Ambient 4: On Land is even more about experience and less about conventional listening; music that is meant more to be felt than heard. Music that, through its combinations of found sounds processed and placed in well-considered places in the stereo image - this is a recording that is best listened to in headphones - evokes strong imagery of places real and imagined.
Brian Eno even references earlier works, extracting bits and pieces and subsuming them into a new whole. Eno compares this process to composting, "converting what would otherwise have been waste into nourishment." While one might argue Eno's calling any of the source material for this recording waste, he clearly has a vision - although to call it merely a musical vision might undervalue it - that involves drawing sound from a variety of sources, from the inherently musical to the less traditional, and shaping it into deeply provocative textures. Eno may never have been to "Lantern Marsh," located near where he grew up in East Anglia, but he has a vivid impression of what it must be like and, consequently, fashions a piece that, like the rest of the works on On Land , is intensely visual.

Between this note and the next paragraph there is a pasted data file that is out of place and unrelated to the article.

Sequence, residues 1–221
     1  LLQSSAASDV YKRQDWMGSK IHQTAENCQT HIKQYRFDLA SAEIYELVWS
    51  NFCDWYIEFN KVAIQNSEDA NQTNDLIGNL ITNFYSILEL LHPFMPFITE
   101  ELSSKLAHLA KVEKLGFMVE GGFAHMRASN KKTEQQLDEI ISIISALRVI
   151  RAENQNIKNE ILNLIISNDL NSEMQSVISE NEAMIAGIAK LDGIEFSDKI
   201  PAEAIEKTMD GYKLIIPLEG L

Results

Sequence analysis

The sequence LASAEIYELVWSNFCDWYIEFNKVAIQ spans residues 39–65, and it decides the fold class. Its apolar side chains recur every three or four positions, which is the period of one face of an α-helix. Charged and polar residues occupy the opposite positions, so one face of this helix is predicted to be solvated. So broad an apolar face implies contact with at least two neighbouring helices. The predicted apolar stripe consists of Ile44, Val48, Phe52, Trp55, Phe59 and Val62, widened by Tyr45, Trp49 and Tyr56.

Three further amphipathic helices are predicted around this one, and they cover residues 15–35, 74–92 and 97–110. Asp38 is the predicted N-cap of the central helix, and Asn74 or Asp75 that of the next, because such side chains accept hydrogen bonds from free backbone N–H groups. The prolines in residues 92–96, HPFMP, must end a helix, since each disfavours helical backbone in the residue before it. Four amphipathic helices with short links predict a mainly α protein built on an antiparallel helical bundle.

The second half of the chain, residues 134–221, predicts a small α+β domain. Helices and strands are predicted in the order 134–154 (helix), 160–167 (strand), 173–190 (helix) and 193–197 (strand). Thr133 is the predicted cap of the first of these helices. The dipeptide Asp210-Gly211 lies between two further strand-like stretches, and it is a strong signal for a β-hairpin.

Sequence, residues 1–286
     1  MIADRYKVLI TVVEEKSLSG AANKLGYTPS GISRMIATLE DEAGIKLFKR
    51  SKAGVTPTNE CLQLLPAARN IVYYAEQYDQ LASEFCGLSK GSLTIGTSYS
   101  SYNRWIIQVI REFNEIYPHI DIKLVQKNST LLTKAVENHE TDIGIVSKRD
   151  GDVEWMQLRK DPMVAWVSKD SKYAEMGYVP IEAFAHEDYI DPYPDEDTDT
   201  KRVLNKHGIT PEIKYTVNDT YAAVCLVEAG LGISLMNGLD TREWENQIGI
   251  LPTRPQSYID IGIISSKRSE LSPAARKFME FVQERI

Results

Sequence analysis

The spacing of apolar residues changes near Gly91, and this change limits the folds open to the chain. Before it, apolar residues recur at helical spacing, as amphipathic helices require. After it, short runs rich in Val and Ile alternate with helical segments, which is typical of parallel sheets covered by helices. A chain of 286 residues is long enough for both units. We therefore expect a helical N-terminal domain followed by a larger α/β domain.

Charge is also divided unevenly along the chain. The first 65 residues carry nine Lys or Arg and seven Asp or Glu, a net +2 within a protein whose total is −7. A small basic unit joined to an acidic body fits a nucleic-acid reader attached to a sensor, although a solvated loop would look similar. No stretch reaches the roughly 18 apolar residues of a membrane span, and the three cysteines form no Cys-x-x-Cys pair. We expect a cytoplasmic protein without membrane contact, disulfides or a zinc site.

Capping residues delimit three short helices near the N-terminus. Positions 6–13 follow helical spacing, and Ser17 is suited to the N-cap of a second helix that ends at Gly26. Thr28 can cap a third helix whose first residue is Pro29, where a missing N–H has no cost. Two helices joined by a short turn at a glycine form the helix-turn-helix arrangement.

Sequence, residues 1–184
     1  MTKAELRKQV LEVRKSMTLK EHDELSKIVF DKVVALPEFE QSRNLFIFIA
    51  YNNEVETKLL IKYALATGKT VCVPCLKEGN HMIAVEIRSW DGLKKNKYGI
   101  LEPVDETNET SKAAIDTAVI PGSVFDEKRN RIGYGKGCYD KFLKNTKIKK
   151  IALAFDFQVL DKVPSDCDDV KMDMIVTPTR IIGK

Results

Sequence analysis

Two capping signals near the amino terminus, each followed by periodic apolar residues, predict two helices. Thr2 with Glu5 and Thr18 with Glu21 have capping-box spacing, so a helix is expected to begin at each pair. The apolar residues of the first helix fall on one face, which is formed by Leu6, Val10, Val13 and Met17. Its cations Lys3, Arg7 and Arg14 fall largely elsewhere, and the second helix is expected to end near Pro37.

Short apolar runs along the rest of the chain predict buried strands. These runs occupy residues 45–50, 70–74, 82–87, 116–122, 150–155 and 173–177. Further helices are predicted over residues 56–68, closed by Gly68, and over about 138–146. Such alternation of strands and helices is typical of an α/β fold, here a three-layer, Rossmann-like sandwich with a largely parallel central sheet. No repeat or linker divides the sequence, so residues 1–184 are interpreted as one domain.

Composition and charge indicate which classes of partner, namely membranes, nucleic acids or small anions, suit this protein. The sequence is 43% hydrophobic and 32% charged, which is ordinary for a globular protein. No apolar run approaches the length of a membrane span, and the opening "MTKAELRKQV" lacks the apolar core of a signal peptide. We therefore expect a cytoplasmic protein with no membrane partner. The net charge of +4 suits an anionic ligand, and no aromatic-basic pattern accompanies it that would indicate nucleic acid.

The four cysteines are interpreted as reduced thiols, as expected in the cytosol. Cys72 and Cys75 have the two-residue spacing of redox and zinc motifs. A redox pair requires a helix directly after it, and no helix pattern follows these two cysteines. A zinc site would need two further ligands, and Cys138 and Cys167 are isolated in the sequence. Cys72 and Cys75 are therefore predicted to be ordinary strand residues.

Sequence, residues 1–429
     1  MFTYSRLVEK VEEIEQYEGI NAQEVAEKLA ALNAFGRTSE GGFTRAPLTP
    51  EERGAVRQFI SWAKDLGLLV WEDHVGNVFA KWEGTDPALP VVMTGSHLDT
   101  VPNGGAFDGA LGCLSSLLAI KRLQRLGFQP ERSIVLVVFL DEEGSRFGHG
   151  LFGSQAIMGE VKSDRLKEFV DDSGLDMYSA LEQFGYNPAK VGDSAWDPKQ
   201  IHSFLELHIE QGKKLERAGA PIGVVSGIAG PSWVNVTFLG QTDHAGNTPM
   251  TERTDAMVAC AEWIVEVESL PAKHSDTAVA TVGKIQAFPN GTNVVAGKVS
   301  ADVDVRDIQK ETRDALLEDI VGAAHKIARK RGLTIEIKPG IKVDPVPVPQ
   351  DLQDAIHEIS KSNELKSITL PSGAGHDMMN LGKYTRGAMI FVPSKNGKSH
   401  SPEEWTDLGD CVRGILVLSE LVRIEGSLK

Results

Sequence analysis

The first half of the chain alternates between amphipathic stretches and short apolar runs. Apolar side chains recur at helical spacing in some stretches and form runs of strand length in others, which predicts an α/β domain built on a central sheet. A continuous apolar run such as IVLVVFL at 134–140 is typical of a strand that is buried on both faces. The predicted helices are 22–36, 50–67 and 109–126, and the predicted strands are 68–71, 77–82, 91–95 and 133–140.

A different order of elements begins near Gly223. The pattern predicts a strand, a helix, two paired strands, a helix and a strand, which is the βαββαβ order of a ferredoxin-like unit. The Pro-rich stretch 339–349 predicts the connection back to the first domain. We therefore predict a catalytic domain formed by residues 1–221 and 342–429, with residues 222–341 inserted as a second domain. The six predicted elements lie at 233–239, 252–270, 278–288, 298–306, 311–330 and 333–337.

Eno would continue to investigate the potential of sound as a part of the atmosphere, including the ability to investigate more extended pieces made possible by the time-liberating capabilities of the compact disc; but on these four early experiments in Ambient Music he has fashioned four distinctly different aspects of the same concept. From the trance-like nature of Discreet Music to the more soothing background of Music for Airports ; from the lyrical beauty of The Plateaux of Mirrors to the more uniquely visual aspects of On Land , Eno truly broke new ground with each recording, creating a style of music that would inspire countless other artists, although none would ever achieve such innocent purity and vivid imagery.